"We have done very little investigation there; there is a great deal yet to do": The changing historic landscape of George Washington’s Mount Vernon.
Author(s): Luke Pecoraro
For several decades, the Mount Vernon Ladies’ Association (MVLA) has used the benchmark year of 1799 for landscape interpretation within the estate’s historic core. Efforts to restore the grounds and dependencies have been a paramount concern, but elements such as a colonial revival garden (1930s), relic house (1928), and porters’ lodges (c. 1818) survive. Along with these features, different generations of historic plantings of trees and shrubberies and associated gravel pathways exist from the designs of prominent landscape architects such as Charles Sprague Sargent, Morley Williams, and Rudy Favretti are extant. The challenges of working with a multi-temporal landscape as well as the possibilities this presents from an archaeological and interpretive standpoint are revealed in this paper, and the current efforts being undertaken for the historic grounds restoration.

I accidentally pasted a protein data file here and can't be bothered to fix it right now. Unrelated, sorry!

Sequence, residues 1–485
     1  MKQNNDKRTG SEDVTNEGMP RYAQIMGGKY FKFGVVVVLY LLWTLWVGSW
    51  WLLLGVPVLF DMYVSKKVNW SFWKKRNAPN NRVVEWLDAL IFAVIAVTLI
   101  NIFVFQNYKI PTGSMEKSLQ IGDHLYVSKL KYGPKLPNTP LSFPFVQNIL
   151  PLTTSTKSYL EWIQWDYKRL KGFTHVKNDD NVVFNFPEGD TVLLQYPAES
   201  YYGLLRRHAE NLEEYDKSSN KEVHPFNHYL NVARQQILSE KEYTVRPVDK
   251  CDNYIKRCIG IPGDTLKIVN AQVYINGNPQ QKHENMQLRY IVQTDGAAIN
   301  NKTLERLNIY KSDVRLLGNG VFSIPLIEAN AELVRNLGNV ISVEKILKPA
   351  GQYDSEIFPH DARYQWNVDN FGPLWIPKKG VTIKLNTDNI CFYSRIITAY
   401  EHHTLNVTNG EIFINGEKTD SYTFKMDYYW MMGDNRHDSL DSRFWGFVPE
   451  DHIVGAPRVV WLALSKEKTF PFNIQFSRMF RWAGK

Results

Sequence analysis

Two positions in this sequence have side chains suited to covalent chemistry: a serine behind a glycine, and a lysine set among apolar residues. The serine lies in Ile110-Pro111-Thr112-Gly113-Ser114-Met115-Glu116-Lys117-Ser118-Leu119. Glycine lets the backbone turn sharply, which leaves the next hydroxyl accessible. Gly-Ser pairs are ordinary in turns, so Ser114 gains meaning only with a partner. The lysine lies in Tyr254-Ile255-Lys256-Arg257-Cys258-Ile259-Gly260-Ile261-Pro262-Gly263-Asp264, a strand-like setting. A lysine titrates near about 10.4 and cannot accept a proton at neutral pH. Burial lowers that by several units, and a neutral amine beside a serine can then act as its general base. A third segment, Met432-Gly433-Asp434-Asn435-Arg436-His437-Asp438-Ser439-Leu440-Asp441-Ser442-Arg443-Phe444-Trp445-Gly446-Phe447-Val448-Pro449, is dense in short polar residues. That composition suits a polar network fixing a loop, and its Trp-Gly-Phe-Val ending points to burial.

This Resource is Part of the Following Collections
- CONSTRUCTING THE PAST: An examination of manipulated historical landscapes at historic sites. •
- Society for Historical Archaeology 2017
Cite this Record
"We have done very little investigation there; there is a great deal yet to do": The changing historic landscape of George Washington’s Mount Vernon.. Luke Pecoraro. Presented at Society for Historical Archaeology, Fort Worth, TX. 2017 ( tDAR id: 435219)
min long: -129.199; min lat: 24.495 ; max long: -66.973; max lat: 49.359 ;